The Kennedy Center

Youssou N'Dour


An undisputed giant of world music, Senegalese artist and humanitarian Youssou N'Dour has raised Senegal’s exuberant mbalax style to global stature. Introduced to American audiences on seminal albums such as Paul Simon's Graceland and Peter Gabriel's So, N'Dour continues to influence virtually every realm of the international music scene, riding high on tumbling African rhythms and stratospheric vocals.

Youssou N’Dour works with Peace Corps/Senegal through Malaria No More (a non-profit, non-governmental organization) and the Youssou N’Dour Foundation to reduce deaths caused by malaria. Peace Corps volunteers across Senegal are leading efforts to prevent malaria by providing malaria prevention education and leading a campaign to universally distribute insecticide treated mosquito bed nets. In April, the Peace Corps announced a partnership with the President’s Malaria Initiative (PMI) that will expand malaria prevention activities throughout Africa.

Youssou N’Dour’s strategy is pan-African: “What all of us Africans share is much more important than what we don’t share,” says this elegant, 50-year-old youngster, who grew up in the Medina in Senegal’s capital city, Dakar. Bringing unity to the African continent has been his priority for a long time; the key (along with love, opinions, and a great festive sense) lay in the professional practice of music for some 37 years. Yet his career was bound to lead to a form of musical expression that has become universal: Reggae, which was born in Jamaica in the 1960s.

As a man of the media and a fighter for citizens’ rights – from wiping out the African debt to the battle against malaria – Mr. N’Dour is well aware of the political import of reggae, the music genre directly linked to Rastafarianism, whose leading figure was the “Ras Tafari” Haile Selassie, the black Emperor of Ethiopia.

As a religion, intellectual movement, and way of life, Rastafarianism was conceived some 30 years before the first sound-systems by two Jamaican renegades living in The United States, Marcus Garvey, the ideologist of beauty and black rebellion, and preacher Leonard Percival Howell, who left Jamaica on a ship to America but returned from Harlem to work the soil in the hills of the Caribbean. Youssou N’Dour shows his allegiance to the genre without pretending to belong.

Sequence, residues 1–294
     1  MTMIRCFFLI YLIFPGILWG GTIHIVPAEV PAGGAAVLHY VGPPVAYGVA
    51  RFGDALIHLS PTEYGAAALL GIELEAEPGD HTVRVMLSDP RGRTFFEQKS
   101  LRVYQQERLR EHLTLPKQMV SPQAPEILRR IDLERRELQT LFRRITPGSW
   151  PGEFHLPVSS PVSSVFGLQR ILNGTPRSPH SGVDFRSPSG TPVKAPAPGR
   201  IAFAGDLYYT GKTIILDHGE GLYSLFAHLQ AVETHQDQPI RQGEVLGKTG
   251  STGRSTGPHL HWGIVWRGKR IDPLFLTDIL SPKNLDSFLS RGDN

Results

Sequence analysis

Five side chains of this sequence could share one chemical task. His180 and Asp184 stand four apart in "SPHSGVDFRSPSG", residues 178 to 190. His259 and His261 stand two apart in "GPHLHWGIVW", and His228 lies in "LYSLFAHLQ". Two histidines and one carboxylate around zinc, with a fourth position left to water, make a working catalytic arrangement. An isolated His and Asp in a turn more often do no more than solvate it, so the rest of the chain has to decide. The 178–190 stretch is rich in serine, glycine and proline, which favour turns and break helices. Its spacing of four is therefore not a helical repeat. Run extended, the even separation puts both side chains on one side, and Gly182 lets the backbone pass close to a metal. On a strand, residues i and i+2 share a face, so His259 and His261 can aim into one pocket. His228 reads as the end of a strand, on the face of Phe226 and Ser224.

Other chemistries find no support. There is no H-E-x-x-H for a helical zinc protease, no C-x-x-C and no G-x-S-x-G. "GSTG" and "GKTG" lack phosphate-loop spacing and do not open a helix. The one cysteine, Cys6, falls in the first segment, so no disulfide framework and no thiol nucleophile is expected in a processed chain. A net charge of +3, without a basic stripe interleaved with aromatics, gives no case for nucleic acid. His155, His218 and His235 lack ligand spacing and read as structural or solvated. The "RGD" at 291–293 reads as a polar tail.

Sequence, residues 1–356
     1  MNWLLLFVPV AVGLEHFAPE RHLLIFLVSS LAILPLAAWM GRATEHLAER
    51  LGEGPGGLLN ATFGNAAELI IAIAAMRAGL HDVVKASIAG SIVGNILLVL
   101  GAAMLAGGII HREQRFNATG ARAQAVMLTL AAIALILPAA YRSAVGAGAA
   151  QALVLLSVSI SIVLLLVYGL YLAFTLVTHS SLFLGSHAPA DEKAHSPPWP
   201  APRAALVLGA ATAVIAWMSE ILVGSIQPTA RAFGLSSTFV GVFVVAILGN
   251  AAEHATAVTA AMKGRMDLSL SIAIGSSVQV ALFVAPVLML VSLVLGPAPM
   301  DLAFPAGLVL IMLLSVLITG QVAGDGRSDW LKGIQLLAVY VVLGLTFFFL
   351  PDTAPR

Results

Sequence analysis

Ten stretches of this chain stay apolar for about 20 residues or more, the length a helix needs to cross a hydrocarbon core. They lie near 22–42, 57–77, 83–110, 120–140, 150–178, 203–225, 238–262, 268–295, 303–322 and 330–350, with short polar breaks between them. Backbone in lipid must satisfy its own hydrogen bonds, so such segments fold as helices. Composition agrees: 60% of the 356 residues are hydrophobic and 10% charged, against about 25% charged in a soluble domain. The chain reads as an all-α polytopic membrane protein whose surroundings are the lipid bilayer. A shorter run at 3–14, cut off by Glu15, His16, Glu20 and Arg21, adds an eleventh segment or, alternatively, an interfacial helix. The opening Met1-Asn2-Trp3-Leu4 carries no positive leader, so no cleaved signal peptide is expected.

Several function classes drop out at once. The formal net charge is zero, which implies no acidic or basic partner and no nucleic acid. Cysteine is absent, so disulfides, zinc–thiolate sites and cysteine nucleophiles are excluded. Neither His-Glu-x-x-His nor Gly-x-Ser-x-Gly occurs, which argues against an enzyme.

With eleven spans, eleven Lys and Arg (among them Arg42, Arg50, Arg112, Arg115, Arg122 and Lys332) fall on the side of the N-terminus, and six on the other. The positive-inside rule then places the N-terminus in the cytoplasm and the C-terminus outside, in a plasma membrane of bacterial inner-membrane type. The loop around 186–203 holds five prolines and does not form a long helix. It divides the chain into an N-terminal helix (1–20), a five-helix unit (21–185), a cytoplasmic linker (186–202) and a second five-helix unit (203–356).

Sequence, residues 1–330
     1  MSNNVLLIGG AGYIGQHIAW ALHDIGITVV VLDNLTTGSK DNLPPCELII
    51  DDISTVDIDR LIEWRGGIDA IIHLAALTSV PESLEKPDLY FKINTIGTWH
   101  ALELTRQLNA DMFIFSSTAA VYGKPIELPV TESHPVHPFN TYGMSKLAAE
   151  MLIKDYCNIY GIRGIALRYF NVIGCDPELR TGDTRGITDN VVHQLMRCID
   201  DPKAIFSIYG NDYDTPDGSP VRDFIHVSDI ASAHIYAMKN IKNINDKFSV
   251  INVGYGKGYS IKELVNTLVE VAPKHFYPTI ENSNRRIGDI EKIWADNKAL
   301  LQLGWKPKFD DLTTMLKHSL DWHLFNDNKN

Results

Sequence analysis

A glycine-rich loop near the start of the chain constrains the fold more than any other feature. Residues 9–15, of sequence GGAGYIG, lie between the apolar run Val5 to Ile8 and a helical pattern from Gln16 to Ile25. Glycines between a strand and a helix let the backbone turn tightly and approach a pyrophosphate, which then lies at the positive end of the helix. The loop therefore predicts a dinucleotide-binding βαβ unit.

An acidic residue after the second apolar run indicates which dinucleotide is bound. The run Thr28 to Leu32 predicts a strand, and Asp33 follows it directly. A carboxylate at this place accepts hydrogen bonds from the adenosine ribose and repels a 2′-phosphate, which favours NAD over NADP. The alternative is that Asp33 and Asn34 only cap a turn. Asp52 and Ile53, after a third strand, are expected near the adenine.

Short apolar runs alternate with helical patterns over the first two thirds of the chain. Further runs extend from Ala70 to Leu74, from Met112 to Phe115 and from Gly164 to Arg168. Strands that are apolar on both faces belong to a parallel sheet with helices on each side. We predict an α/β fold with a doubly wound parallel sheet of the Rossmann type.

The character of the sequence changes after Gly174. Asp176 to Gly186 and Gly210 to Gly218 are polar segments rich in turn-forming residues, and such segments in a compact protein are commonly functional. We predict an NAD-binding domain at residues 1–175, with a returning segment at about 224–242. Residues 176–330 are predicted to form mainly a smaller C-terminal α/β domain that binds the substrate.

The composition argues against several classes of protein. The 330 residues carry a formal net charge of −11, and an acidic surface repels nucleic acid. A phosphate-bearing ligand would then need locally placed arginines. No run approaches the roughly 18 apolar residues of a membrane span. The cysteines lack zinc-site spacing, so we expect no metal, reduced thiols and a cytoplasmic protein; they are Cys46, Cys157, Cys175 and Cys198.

African unity is not the only thing in the mind of Youssou N’Dour: he also had the desire to untangle the threads of the black Diaspora. In 1992 he found an ally in filmmaker Spike Lee, who released the album Eyes Open on his label, ‘40 Acres and A Mule,’ (named after the compensation awarded to freed slaves after the American Civil War). At the time, Mr. N’Dour wore a “wooy wooy”, the woolly hat taken from a song dedicated to the children of Africa, quickly branded with an ‘X’, as in Malcom X, (but also an ‘X’ as in Xippi, his recording studio in Dakar.) In 2007, in Amazing Grace, the film made by British director Michael Apted, Mr. N’Dour played out the tragedy of the slave trade in his role as the slave-poet Olaudah Equiano.

Mr. N’Dour was born in 1959, the son of a labourer named Elimane and his wife Ndèye Sokhna Mboup, a traditional “Griot” singer. After two years in street-theater, Mr. N’Dour’s career really started when he was 13, and it was the result of a miracle: in 1972, Papa Semba Diop, known as Mba, passed away. He was the leader of the Star Band in Dakar, and Mr. N’Dour sang a tribute to him, a song he composed onstage right there in Senegal’s Saint-Louis Stadium. “Everyone was still in tears, and I brought a little joy. I was vibrating. Mba was like a star fading from the sky.” At the end of his song, Mr. N’Dour was given a standing ovation.

In 1981, after leaving the Etoiles group in Dakar, Mr. N’Dour founded the exemplary orchestra Super Etoile, which saw its Parisian debuts in 1984 during Africa Fête, the African cultural festival set up by Mamadou Konté from Mali, and it featured in the great pan-African dances and events organized at the Bercy Omnisports stadium in Paris by its leader. After meeting Peter Gabriel in 1984, Youssou N’Dour joined “Band Aid for Ethiopia;” in 1988 he sang at Wembley when Nelson Mandela was freed, and then alongside Sting, Tracy Chapman, and Bruce Springsteen for Amnesty International.

By 1996, Mr. N’Dour was already famous worldwide thanks to “7 Seconds,” his duet with Neneh Cherry (released in 1994 on the album Wommat, which also featured his cover of Bob Dylan’s “Chimes of Freedom”), and he recorded Voices of the Heart of Africa with the great Yandé Codou Sène in the pure Senegalese Griot tradition. In 2007, he released Rokku Mi Rokka (the title is in the Pulaar language of the Toucouleurs) with musicians from the north, on the borders of Mauritania and the Sahel states of Mali. The album was ranked #30 on Rolling Stone’s “Top 50 Albums of 2007” list.

Mr. N’Dour released “Wake Up (It’s Africa Calling)” in 2009 as part of the IntraHealth International campaign to use open source technology to solve health issues in Africa. In 2011, Yale University awarded Youssou N’Dour an Honorary Doctorate of Music for his outstanding musical career and his promotion of tolerance through music.

Watch Past Performances

Video 9/21/2011: Youssou N'Dour

Singer and percussionist Youssou N’Dour is one of the most celebrated African musicians in history. His mix of traditional Senegalese mbalax with eclectic influences ranging from Cuban samba to hip hop, jazz, and soul has won him an international fan base of millions. Part of the celebration of the 50th Anniversary of the Peace Corps.

Youssou N'Dour